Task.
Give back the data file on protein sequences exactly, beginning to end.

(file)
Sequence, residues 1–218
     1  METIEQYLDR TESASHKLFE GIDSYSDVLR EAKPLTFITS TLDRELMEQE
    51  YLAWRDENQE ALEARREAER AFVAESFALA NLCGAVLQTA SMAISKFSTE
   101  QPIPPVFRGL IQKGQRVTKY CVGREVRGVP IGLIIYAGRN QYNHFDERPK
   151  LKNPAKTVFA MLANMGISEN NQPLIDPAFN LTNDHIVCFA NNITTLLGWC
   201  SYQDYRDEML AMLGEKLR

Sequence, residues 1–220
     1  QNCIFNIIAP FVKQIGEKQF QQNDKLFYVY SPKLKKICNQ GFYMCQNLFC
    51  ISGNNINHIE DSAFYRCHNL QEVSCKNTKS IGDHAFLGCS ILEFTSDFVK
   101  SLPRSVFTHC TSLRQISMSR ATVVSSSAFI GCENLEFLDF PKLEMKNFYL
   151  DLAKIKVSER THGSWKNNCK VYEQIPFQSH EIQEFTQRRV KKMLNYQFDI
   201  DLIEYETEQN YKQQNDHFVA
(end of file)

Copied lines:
Sequence, residues 1–218
     1  METIEQYLDR TESASHKLFE GIDSYSDVLR EAKPLTFITS TLDRELMEQE
    51  YLAWRDENQE ALEARREAER AFVAESFALA NLCGAVLQTA SMAISKFSTE
   101  QPIPPVFRGL IQKGQRVTKY CVGREVRGVP IGLIIYAGRN QYNHFDERPK
   151  LKNPAKTVFA MLANMGISEN NQPLIDPAFN LTNDHIVCFA NNITTLLGWC
   201  SYQDYRDEML AMLGEKLR

Sequence, residues 1–220
     1  QNCIFNIIAP FVKQIGEKQF QQNDKLFYVY SPKLKKICNQ GFYMCQNLFC
    51  ISGNNINHIE DSAFYRCHNL QEVSCKNTKS IGDHAFLGCS ILEFTSDFVK
   101  SLPRSVFTHC TSLRQISMSR ATVVSSSAFI GCENLEFLDF PKLEMKNFYL
   151  DLAKIKVSER THGSWKNNCK VYEQIPFQSH EIQEFTQRRV KKMLNYQFDI
   201  DLIEYETEQN YKQQNDHFVA